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Old 11-15-2012, 06:02 AM   #31
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Over the years, Ubertis varied quite a bit in quality and QC---the later production is miles ahead of their earlier guns. One word of advice---don't dry-fire them or you'll soon be paying a gunsmith to fit a new Colt made firing pin!
Enjoy your new toy.

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Old 11-15-2012, 07:18 AM   #32
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I own only one Colt clone the Cimarron Bisley Flat Top Target 44-40. Uberti and Cimarron are one of the same and I couldn't be more pleased with it for 10 years. The finish and action are excellent and this one is a tack driver.

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Old 11-16-2012, 12:50 AM   #33
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I started shooting SASS in 2000 and the Italian imports had problems. The pawls, the bolt stop, the trigger stirrups were not tempered enough or the metal was incorrect. They were always wearing and/or breaking. The music wire trigger return/bolt springs were selling great. Replacement parts were annealed.

I owned a pair of Western Arms (EMF) that had the stirrups and pawls replaced. Once parts were replaced and polished they ran fine.

Beretta purhased Uberti around 2001-2002 and the quality after this period is much better.

Be aware that all(most) all distributors that sale the 1873 winchester repro (and others) are made by Uberti/Beretta. Chaparral makes them but you don't want them.

Armi San Marco and Pietta make reproductions. I have zero experience with them.

I started with Colts 3rd gen. Never had a problem with them. They were light hammered, light triggered, and very very smooth.

Around 2003, i bought a pair of Ruger Blackhawk 3 screws that had been owned by Cody Conagher and then Lone Dude (aliases). Outstanding gunsmiths. For the next nine years of thousands and thousands of rounds through them, the only thing I have replaced is one (1) trigger return spring. Looks like the one behind a 10-22 trigger. They are little tanks. They are the size of Colts and act like Colts. Four clicks and half cock to spin.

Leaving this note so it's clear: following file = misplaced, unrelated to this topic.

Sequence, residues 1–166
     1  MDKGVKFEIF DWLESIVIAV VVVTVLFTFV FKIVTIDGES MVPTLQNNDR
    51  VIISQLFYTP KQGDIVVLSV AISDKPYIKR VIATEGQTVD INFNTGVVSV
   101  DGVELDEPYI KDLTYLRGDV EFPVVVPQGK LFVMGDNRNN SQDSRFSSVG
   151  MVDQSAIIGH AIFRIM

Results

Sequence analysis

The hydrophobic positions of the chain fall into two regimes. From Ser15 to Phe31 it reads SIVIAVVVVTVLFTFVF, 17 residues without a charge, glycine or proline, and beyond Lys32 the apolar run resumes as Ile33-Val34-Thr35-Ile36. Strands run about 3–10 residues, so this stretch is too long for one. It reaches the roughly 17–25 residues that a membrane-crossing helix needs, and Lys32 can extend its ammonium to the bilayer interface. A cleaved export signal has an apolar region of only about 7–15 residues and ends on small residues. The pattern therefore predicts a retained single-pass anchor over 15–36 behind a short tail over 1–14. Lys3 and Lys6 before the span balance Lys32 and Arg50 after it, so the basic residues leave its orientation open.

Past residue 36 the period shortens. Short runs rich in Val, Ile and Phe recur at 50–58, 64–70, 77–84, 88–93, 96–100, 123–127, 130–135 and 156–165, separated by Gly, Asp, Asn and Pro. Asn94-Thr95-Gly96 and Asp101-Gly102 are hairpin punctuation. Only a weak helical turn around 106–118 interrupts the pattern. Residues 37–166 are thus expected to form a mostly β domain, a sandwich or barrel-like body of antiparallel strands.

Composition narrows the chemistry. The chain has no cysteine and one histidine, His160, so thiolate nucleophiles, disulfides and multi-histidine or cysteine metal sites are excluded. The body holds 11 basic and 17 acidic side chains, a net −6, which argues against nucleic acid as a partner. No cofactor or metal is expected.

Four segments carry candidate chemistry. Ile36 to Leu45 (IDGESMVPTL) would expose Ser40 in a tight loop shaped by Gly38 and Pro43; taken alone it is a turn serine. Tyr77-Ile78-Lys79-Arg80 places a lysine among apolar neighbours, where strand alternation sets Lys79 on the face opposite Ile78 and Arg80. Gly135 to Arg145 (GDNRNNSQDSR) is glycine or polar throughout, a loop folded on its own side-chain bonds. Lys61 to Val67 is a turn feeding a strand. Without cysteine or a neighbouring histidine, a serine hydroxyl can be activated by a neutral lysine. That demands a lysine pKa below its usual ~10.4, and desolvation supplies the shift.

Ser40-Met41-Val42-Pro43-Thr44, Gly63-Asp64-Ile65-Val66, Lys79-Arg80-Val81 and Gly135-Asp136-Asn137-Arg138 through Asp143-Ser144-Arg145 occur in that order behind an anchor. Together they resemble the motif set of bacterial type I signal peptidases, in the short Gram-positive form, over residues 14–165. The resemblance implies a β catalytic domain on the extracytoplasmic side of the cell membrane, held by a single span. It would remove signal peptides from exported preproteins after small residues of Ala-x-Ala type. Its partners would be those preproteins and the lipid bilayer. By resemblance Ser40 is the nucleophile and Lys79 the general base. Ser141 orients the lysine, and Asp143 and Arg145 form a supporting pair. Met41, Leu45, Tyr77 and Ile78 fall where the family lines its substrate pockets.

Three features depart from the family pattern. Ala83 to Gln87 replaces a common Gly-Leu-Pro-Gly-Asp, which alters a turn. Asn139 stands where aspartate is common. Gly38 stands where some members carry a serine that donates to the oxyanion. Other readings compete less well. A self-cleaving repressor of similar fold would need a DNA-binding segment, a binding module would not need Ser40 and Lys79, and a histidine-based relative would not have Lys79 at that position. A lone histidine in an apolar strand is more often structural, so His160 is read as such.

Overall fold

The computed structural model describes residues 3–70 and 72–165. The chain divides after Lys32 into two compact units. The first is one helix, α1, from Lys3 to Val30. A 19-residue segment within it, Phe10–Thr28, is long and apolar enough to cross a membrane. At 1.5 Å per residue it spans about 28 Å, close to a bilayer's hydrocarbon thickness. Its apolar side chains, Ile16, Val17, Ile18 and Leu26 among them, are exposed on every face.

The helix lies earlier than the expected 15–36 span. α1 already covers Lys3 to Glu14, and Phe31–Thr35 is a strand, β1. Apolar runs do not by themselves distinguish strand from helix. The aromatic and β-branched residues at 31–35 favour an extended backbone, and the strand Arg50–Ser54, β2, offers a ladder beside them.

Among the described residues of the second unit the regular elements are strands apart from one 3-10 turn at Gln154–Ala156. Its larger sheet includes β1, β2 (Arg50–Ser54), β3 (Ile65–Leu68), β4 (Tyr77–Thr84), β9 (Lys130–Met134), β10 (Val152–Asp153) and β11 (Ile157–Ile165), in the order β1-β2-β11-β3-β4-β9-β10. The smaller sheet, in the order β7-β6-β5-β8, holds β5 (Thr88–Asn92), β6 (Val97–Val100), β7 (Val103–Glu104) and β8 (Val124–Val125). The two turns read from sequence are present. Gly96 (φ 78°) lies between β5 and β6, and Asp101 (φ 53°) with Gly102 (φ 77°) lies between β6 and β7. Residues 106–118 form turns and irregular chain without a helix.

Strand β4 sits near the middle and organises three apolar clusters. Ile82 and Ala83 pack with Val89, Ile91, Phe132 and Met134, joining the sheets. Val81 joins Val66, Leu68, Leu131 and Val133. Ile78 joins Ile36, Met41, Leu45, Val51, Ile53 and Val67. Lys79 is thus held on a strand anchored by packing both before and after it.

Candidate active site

And you would be surprised to see the reasonable price they bring.

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Old 11-16-2012, 03:48 AM   #34
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Quote:
Originally Posted by jyo View Post
Over the years, Ubertis varied quite a bit in quality and QC---the later production is miles ahead of their earlier guns. One word of advice---don't dry-fire them or you'll soon be paying a gunsmith to fit a new Colt made firing pin!
Enjoy your new toy.
Agreed. They have the firing pin on the hammer and it can break if dry fired. I stated this earlier, but most disagreed.
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Old 11-16-2012, 02:38 PM   #35
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Not being super familiar with Uberti firearms for a while, I need to get something straightened out.

If a single action has a base pin hammer block (as did my Great Westerns), you engaged this block by going to half cock and pushing in the base pin to the second notch manually. This blocked the full travel of the hammer and stopped the firing pin contact with the primer.

I am not aware of any other type of "safety" on a single action save the transfer bar or utilizing the notches in the hammer. If you have a Ruger, you can feel the transfer bar "catch" if you pull the trigger with the hammer down. The transfer bar is trying to place itself between the hammer and the firing pin to facilitate firing. It is contacting the first ledge on the hammer. Some of us make this a smooth angle cause we hate that "catch". The transfer bar will only be activated if someone pulls the trigger.

Here is an animation of an S&W. You can see the hammer block being pulled away from the hammer.

http://www.genitron.com/Basics/Interactive-Revolver

I am not aware of any automatic safety contained in a single action.